December 2, 2012 | by Phil Reese
Supremes expected to decide on taking up marriage
Supreme Court, gay news, Washington Blade

(Washington Blade file photo by Michael Key)

WASHINGTON — After postponing a decision earlier this month, the U.S. Supreme Court is expected to decide whether to take up key cases related to extending marriage rights to same-sex couples.

One case, Hollingsworth v. Perry, formerly Perry v. Schwarzenegger — known colloquially as the “Proposition 8 case” — will decide whether or not to strike down California’s voter-approved Proposition 8, which ended same-sex marriage in that state, as recommended by an appeals court.

In addition, the court will decide whether to hear five cases challenging the Defense of Marriage Act — the law barring the federal government from recognizing same-sex marriages performed abroad or in states where it is legal.

A decision on whether the court would hear the cases was expected sometime Friday. Visit washingtonblade.com for updated news.

 

1 Comment
  • Since our ballot victories in Maine, Maryland, Minnesota and Washington, the election of the first LGBT person — Tammy Baldwin — to the U.S. Senate, the election of the first LGBT person of color and the first openly LGBT person from California — Mark Takano — to the U.S. House of Representatives, and reelection of Barack Obama, a pro-marriage equality president, we here at Love Honor Cherish have been reflecting on where we have been and where we go from here.

    Just over four years ago, we lost Prop 8. Over our objections, the No on 8 campaign hid LGBT people, forbade any discussion of children of gay couples and gay families, and validated people's fears by asserting that "Prop 8 has nothing to do with schools or kids." In today's world of Glee, Modern Family and The New Normal, these fears seem so absurd that we can hardly remember having them.

    In the intervening four years, we've heard some argue that people are not ready to vote for same-sex marriage and that no on should ever vote on people's rights. Despite our best efforts, these arguments won out here in California. Luckily, our friends in Maine, Maryland and Washington disagreed loudly. It felt wonderful to win at the ballot box.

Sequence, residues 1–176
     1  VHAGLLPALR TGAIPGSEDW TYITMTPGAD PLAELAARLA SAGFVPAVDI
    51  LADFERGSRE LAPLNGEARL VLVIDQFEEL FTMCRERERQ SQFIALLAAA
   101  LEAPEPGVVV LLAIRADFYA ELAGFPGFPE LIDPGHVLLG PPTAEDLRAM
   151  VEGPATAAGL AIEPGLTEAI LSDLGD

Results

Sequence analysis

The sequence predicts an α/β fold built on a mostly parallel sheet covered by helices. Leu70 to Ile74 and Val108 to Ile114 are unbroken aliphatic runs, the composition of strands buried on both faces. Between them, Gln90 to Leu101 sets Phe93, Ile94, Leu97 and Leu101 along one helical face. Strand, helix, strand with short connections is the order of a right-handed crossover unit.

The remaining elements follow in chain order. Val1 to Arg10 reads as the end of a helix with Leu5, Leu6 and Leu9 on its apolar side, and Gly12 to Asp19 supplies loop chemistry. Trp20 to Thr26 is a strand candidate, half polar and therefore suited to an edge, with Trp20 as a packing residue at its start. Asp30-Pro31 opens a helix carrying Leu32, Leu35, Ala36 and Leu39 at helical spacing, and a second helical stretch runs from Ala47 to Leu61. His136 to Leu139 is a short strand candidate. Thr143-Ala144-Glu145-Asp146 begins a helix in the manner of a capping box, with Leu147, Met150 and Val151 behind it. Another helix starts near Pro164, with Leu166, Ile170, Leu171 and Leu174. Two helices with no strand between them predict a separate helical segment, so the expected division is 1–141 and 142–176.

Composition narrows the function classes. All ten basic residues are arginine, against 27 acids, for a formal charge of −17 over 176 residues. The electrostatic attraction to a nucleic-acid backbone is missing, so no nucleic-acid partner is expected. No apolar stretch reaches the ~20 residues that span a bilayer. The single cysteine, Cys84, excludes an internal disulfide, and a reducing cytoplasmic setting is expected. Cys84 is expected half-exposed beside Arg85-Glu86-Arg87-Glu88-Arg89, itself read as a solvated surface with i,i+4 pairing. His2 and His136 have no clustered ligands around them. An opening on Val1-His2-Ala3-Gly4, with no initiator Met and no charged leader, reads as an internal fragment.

We also remember the harm that Prop 8 has caused: families without the protections of marriage, loved ones who will never attend our weddings, and a dear member of Love Honor Cherish who passed away without seeing the end of Prop 8.

    And history continues to unfold. On Monday, the U.S. Supreme Court may announce whether it is going to hear the Perry case challenging the constitutionality of Prop 8, as well as challenges to the so-called Defense of Marriage Act. If they decline to hear the Perry case, Prop 8 will be history. If they decide to hear the case (or postpone a decision), Prop 8 will remain the law in California for at least some months more.

    Either way, we must continue to imagine and fight for a world of full equality and respect for all people, gay or straight, in every sphere, including both the courts and the ballot box. And hopefully we've learned that conservative, take-it-slow approaches achieve little other than reinforcing fear and prejudice. We all deserve the right to marry the person whom we love. And we deserve it now.

    It's time!

    In solidarity,
    Love Honor Cherish.

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